In Re Lee , 50 B.R. 683 ( 1985 )


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  • 50 B.R. 683 (1985)

    In re Kevin E. LEE and Janis E. Lee, Debtors.
    THORP CREDIT INC. OF MARYLAND, Plaintiff,
    v.
    Janis Elaine LEE, Defendant.

    Bankruptcy No. 84-B-0785, Adv. No. 85-0106B.

    United States Bankruptcy Court, D. Maryland.

    July 3, 1985.

    Murray I. Resnick, Lyle A. Bakst, Resnick & Abraham, Baltimore, Md., for plaintiff.

    Lawrence O. Burman, Catonsville, Md., for debtor/defendant.

    OPINION AND ORDER DENYING DEMAND FOR JURY TRIAL

    JAMES F. SCHNEIDER, Bankruptcy Judge.

    This matter comes before the United States Bankruptcy Court for the District of Maryland at Baltimore upon the demand of the debtor/defendant Janis Elaine Lee for a trial by jury upon the instant complaint to determine dischargeability of debt. For the reasons stated herein, the demand for jury trial is denied.

    FINDINGS OF FACT

    1. The defendant, Janis E. Lee, and her husband, Kevin E. Lee, filed a joint Chapter 13 bankruptcy petition in this Court on May 14, 1984.

    2. Upon their failure to make plan payments, their case was converted to a proceeding under Chapter 7 by Order of this Court dated March 4, 1985.

    3. On April 24, 1985, the instant complaint to determine dischargeability of debt was filed against the debtor, Janis E. Lee, by the plaintiff, Thorp Credit Inc. of Maryland.

    4. The complaint alleges that the defendant obtained a loan in the amount of $3,744 from the plaintiff based upon a materially false financial statement, and seeks a determination that the debt is nondischargeable pursuant to 11 U.S.C. § 523(a)(2).

    5. The debtor filed an answer [P. 7] on May 8, 1985, upon which she endorsed a demand for trial by jury.

    6. By Order [P. 8] dated May 14, 1985, the instant complaint was consolidated for trial with Motion No. M85-0279B filed by the debtors to avoid the lien of Thorp Credit Inc. of Maryland.

    7. The debtors received a discharge in bankruptcy on July 2, 1985, which did not affect the debt of the plaintiff by reason of the instant adversary complaint which was pending on that date.

    *684 CONCLUSION OF LAW

    1. The debtor, Janis S. Lee, is not entitled to a jury trial upon the instant complaint.

    2. The instant complaint is a "core proceeding" arising under Title 11 of the U.S. Code which this Court may hear and determine, and in which this Court may enter appropriate orders and judgments, according to 28 U.S.C. § 157(b)(2)(I):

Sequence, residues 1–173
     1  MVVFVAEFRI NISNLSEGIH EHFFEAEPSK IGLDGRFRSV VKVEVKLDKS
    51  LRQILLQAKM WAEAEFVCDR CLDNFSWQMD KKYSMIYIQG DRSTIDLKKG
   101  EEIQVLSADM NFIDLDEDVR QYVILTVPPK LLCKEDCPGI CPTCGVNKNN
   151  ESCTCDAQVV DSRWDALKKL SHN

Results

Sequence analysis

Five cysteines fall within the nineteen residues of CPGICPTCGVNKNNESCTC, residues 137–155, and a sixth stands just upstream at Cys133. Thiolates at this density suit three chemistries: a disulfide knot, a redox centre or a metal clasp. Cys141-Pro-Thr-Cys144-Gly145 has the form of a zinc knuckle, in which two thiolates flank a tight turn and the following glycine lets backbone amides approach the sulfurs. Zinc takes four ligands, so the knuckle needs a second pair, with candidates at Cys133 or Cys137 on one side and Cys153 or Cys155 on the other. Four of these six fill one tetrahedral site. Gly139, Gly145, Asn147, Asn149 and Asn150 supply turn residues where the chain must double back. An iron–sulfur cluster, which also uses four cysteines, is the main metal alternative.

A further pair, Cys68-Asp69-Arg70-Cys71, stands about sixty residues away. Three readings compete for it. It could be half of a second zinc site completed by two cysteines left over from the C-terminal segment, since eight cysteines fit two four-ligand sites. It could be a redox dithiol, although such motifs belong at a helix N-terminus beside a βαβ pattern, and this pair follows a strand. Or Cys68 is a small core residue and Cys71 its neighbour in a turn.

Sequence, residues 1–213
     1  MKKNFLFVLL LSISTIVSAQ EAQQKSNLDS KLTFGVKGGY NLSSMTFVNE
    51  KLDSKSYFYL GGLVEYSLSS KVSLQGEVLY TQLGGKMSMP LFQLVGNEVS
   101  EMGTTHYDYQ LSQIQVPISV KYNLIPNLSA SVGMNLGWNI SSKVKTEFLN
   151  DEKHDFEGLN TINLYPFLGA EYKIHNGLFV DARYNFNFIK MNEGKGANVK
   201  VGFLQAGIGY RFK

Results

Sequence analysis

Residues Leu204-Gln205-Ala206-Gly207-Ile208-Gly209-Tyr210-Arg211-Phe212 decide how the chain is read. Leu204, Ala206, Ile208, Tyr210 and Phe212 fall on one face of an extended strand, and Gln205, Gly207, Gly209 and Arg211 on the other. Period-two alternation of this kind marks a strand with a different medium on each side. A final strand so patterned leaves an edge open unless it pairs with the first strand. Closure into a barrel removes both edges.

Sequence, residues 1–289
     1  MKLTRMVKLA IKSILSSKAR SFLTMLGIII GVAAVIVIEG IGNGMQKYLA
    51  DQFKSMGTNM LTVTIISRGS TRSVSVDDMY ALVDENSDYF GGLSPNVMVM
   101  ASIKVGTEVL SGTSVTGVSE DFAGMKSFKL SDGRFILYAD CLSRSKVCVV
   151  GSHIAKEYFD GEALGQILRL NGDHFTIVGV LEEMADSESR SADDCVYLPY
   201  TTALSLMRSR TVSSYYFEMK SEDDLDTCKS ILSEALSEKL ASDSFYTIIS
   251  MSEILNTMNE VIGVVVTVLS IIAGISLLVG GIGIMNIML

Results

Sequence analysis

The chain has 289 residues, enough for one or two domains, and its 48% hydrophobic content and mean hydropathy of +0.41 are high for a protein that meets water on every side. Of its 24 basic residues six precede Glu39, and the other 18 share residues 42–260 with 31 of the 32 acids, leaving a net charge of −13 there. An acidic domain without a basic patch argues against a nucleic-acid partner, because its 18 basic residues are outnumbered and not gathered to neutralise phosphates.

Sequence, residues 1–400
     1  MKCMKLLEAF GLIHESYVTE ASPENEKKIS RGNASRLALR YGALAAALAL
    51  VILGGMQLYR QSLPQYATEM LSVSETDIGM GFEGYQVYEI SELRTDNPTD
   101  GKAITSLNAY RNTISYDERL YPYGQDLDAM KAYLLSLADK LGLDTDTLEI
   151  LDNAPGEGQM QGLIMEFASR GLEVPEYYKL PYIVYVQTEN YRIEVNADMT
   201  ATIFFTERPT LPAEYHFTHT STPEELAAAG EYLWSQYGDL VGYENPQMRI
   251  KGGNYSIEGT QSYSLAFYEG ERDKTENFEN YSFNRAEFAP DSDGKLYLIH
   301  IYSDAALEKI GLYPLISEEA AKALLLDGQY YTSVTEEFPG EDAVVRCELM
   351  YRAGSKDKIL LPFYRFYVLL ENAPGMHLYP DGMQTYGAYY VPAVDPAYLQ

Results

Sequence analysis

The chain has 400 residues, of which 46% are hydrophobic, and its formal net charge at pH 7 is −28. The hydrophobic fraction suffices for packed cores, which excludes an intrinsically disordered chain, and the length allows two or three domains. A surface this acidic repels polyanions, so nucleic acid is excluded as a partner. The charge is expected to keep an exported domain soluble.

(2) Core proceedings include but are not limited to—
    (I) determinations as to the dischargeability of particular debts[.]

    3. Core proceedings are those matters of estate administration over which Congress expressly provided bankruptcy courts jurisdiction in the 1984 amendments. 28 U.S.C. § 157(b)(2) (A-O).

    4. The subsection of 28 U.S.C. § 157 quoted above is applicable to the instant complaint, having been enacted by the U.S. Congress as a part of the Bankruptcy Amendments and Federal Judgeship Act of 1984 ["B.A.F.J.A."], P.L. 98-353, in response to the decision of the U.S. Supreme Court in the landmark case of Northern Pipeline Co. v. Marathon Pipeline Co., 458 U.S. 50, 102 S. Ct. 2858, 73 L. Ed. 2d 598 (1982), which held unconstitutional the broad jurisdiction granted to bankruptcy courts by the Bankruptcy Reform Act of 1978, P.L. 95-598.

    5. The legislative history of B.A.F.J.A. supports the analogy between core proceedings under the current law and summary jurisdiction exercised by bankruptcy courts in the pre-Code days under the Bankruptcy Act of 1898, as amended. The Senate Conference Report on the 1984 amendments (130 Cong.Rec. S8887-8900, daily ed. June 29, 1984) states that bankruptcy judges should exercise summary jurisdiction over core proceedings pursuant to 28 U.S.C. § 157(b).

    6. In Katchen v. Landy, 382 U.S. 323, 86 S. Ct. 467, 15 L. Ed. 2d 391 (1966), decided under the Bankruptcy Act of 1898, as amended, the U.S. Supreme Court held that issues which were traditionally legal as opposed to equitable in nature, but which were necessary to the administration of the bankruptcy estate, became subject to the equitable powers of the bankruptcy referee and were within the traditional summary jurisdiction of the bankruptcy court.

    7. While the Seventh Amendment of to the U.S. Constitution guarantees parties the right to a trial by jury in matters at law, case law has held that bankruptcy courts are courts of equity. Pepper v. Litton, 308 U.S. 295, 60 S. Ct. 238, 84 L. Ed. 281 (1939); Young v. Higbee Co., 324 U.S. 204, 65 S. Ct. 594, 599, 89 L. Ed. 890 (1945); Columbia Foundry Co. v. Lochner, 179 F.2d 630 (4th Cir.1950); Local Loan Co. v. Hunt, 292 U.S. 234, 54 S. Ct. 695, 78 L. Ed. 1230 (1934).

    8. The Supreme Court held Katchen v. Landy, supra, that there is no right to a jury trial in the bankruptcy court even if the same matter could be tried by a jury elsewhere. See also In re Graham, 747 F.2d 1383, 1387-89 (11th Cir.1984).

    9. There is persuasive authority for the proposition that no right to a jury trial exists in core proceedings because Congress intended for them to be heard by the bankruptcy court without a jury. In re Best Pack Seafood, 45 B.R. 194 (Bankr.Me. 1984).

    10. For these reasons, it is herein determined that the defendants have no right to a jury trial. This matter will be set down for a bench trial as soon as possible.

    IT IS SO ORDERED.

Document Info

DocketNumber: Bankruptcy No. 84-B-0785, Adv. No. 85-0106B

Citation Numbers: 50 B.R. 683

Judges: James F. Schneider

Filed Date: 7/3/1985

Precedential Status: Precedential

Modified Date: 3/3/2016

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